COVID-19 NC: Protests, Patient Care & Disparities

Jun 6, 2020

Every Friday,  BPR's Helen Chickering talks with NC Health News Founding Editor Rose Hoban.  This week they discuss  the latest COVID-19 metrics, how coronavirus is changing patient care in hospitals, the potential impact of protests on the coronavirus curve,  the disproportionate number of COVID-19 cases among communities of color and a new task force formed to address many of the inequities that contribute to those statistics.     

HC: So, let’s start with a look at the numbers, which  keep rising.  As of Friday (6/5) there are now more than 33-thousand cases in the North Carolina.   Lots more testing is happening, and officials keep saying the percent positive is relatively stable.  But with ongoing mass gatherings like protests, you have to start wondering. 

Right, we had a record number of positives yesterday (Thursday) and you could make the argument now, I haven't looked at the break-down on the map to see where they were, but you could make the argument that there were some mass events over the Memorial Day weekend. And this is about the time where people are going to start like getting sick enough that they're going to be seeking out testing.

HC: Another number that is up -  people in the hospital

You know we’re at 717.  I think that's an all-time high.  I did talk to the folks today at UNC and they were saying that they’re back more at  the kind of full in their ICU that they were prior. However, they do have some COVID beds that they're keeping empty in terms in order to be able to accommodate any surge. So, you know, that's also an issue.  We'll be watching what happens to hospital beds as these bump-ups progress to the point these people may end up in the hospital.

HC: Speaking of hospitals, you spent some time in the Intensive Care Unit at UNC Hospital in Chapel Hill for a piece you are working on about how COVID-19  is impacting patient care.   Can you give us a preview, what did you see?

You know, it's small things.  A bunch of the nurses are wearing these headbands that have big buttons sewn onto them. And so, their face masks hook onto those buttons rather than onto their ears because it was bothering their ears to wear face masks for 10-12 hours a day.  But also, large things about separating infected patients versus uninfected patients. So, in order  to divide the hot zone from the non-hot zone, they have these places where you're supposed to walk or not walk. I mean, it was just fascinating the way that they had to rearrange care.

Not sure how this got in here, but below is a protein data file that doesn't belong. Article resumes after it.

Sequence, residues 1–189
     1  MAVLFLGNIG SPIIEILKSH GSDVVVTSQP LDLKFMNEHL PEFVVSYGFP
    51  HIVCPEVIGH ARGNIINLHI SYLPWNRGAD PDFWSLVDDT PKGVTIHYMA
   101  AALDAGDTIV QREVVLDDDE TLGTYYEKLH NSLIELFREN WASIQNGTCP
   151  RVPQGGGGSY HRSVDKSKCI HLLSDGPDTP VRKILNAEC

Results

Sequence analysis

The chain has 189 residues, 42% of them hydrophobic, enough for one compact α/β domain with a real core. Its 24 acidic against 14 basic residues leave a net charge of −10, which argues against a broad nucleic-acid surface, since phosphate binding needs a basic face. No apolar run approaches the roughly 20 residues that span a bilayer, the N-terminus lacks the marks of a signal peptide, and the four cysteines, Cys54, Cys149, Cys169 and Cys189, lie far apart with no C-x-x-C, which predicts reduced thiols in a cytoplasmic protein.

HC: Now we’re going to circle back to Thursday’s coronavirus task force briefing.  One of the numbers that has triggered action by Governor Roy Cooper is the disproportionate number of covid-19 cases among communities of color.

Right, right. So African Americans make up about 20 percent( give or take ) of the people in the state but they make up 28% of the people who have been diagnosed, and they make up 34% of the people who've died.  

Why have African Americans been so affected by COVID? And you know, you could look at things like access to care.  And my golly, we've all heard of the Tuskegee Airmen study where, government physicians allowed men who were African American who had syphilis to continue having syphilis, so they could study them for decades. The distrust of the healthcare system goes back really far. Right. There's the, the whole, like physiologic process.  We've seen it. We've seen it this week. We've seen it over the past couple years -  with George Floyd and all the other African American men and women who've been killed by police.  And the kind of stress that this engenders in the African American community, long term stress. There's lots of research out there now about cortisol levels.  Cortisol is a stress hormone in your body and how having that increased for such a long time can predispose you to illness. So, there's just a lot of things that are there that are really going to take a lot of unwinding in our society until we get to a place where we're more equitable.

Task Force: The governor came out yesterday and he announced the formation of a task force to look at many of the disparities that exist in our state, for communities of color.  They're going to be looking at a multitude of areas. Everything from healthcare, to education, business development, employment, environmental justice, which I thought is interesting.  There's plenty of research showing that working poor folks of color live closer places that have “less good” environmental track records, let’s put it that way. So, this this taskforce, which will be led by Machelle Sanders, who's the secretary of the State Department of Administration. They will be looking at this whole issue and seeing what as a state they can do in terms of policy.  So these processes take a long time, and they have to have buy in from everyone. And, you know, this is just the very beginning.

HC: What is on tap for next week?

We’ll have my ICU story. We have a couple of reporters looking at the things that lead African Americans to be sicker from COVID-19.    We ran a story today on if someone with COVID-19  is handling your food, is it safe to eat? We did a big flush out of it, but the answer is proper food handling, wash the vegetables, cook t meat to the proper temperature and you're fine. But that's the short answer, we dug into UV light and bleach and farmers who are sick - so we dug into a bunch for that story.

About Rose Hoban: 

Rose Hoban is the founder and editor of NC Health News, as well as being the state government reporter. Hoban has been a registered nurse since 1992, but transitioned to journalism after earning degrees in public health policy and journalism. She's reported on science, health, policy and research in NC since 2005. Contact: editor at northcarolinahealthnews.org